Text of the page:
Can hidden rows or columns be locked for extra security?

Yes, hiding and then locking rows or columns can add an additional layer of security to your Excel data. When rows or columns are hidden, the information is not readily visible to users who might access the document. By subsequently protecting (locking) the sheet, you prevent unauthorized users from unhiding these rows or columns without the correct password. This method is particularly useful for concealing sensitive information that should not be easily accessible.

Is there a way to see which cells or ranges are locked without unprotecting the sheet?

Without an explicit indication from Excel, it can be challenging to identify which cells or ranges are locked without unprotecting the sheet. A method to visualize this while designing your workbook is to apply a conditional formatting rule or a distinctive cell style to locked cells during the setup phase. However, this requires manual setup and is not automated by Excel’s protection features. Once the sheet is protected, these visual clues can help you remember which areas are locked without needing to unprotect the sheet.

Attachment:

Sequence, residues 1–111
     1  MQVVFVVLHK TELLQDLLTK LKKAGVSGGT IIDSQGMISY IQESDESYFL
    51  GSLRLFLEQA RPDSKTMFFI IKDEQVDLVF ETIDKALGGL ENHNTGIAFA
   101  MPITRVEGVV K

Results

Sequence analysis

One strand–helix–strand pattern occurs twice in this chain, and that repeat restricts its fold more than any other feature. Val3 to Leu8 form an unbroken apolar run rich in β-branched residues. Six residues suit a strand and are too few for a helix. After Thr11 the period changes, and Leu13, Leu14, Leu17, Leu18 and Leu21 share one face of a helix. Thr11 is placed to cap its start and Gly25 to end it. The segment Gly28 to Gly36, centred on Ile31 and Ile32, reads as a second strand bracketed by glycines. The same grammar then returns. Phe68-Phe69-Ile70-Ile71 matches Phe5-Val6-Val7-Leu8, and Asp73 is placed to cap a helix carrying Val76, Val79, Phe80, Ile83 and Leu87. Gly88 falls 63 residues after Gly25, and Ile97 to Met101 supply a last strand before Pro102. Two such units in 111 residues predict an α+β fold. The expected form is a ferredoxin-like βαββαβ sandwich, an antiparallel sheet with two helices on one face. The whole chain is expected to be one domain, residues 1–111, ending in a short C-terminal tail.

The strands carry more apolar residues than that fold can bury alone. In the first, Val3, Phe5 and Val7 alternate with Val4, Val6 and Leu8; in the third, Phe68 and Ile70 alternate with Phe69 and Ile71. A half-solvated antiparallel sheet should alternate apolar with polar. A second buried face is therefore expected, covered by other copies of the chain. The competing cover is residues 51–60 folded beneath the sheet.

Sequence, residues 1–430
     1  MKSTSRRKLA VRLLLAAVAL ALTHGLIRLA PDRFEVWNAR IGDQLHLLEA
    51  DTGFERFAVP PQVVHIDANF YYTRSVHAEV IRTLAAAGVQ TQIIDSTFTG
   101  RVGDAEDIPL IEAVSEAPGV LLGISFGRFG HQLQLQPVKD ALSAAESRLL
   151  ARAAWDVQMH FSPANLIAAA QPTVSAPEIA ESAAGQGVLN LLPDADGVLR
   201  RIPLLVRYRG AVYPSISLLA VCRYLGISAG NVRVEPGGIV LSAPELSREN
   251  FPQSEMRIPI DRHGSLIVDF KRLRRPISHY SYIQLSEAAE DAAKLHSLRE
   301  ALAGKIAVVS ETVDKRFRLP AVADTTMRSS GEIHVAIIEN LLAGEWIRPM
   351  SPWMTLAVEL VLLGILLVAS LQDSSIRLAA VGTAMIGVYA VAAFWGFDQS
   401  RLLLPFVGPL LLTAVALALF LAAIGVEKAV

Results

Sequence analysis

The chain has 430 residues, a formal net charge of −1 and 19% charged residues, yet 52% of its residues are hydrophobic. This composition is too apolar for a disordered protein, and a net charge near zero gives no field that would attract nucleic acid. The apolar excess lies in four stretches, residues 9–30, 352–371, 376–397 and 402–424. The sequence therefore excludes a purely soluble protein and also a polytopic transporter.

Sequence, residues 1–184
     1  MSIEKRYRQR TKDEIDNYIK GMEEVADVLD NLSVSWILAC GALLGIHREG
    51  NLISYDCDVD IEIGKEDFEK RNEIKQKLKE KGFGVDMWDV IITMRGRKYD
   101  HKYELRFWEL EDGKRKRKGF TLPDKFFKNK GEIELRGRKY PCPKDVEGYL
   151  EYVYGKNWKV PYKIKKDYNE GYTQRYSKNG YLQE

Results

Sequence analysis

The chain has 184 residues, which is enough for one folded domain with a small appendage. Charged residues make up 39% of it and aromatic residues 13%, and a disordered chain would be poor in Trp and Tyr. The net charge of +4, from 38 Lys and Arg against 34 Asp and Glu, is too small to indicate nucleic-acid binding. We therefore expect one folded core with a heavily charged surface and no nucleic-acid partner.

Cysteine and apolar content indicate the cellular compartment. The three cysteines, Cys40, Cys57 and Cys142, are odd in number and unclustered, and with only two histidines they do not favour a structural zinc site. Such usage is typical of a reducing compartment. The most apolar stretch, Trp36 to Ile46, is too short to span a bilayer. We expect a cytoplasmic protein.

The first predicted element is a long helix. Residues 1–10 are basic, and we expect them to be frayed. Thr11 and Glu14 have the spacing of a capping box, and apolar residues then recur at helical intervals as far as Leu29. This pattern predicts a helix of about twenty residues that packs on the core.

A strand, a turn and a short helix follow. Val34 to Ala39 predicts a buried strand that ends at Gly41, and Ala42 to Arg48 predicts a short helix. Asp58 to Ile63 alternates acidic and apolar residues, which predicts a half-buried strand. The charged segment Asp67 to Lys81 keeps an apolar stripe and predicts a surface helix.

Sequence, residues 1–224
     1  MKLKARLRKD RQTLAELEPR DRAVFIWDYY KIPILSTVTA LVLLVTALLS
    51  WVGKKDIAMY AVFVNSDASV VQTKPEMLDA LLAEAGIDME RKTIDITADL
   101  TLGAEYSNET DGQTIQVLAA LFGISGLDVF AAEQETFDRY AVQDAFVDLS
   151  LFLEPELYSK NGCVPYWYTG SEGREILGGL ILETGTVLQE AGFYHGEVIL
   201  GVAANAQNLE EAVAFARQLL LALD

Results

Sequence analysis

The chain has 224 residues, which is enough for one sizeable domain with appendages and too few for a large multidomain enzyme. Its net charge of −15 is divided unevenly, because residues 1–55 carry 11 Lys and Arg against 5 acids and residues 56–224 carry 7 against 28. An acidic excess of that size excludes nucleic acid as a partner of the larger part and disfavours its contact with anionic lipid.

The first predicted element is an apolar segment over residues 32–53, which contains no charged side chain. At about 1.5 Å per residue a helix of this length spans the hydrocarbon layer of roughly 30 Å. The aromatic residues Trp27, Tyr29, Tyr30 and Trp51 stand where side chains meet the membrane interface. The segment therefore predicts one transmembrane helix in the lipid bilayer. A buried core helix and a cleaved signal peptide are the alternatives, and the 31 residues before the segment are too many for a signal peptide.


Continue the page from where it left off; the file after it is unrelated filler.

How can I restrict users from changing cell formatting in protected cells?

When you protect a sheet in Excel, you’re given a list of permissions that you can grant or withhold from users, including whether they can format cells. If you want to restrict users from changing cell formatting, ensure you do not check the options under ‘Allow all users of this worksheet to:’ that relate to formatting (such as “Format cells“, “Format columns“, and “Format rows“) when you are setting up sheet protection. This limitation ensures that while users may be able to interact with the cells to a certain extent if permitted (such as entering data), they cannot alter the visual formatting of protected cells.

Can I lock cell comments so they can’t be edited or deleted?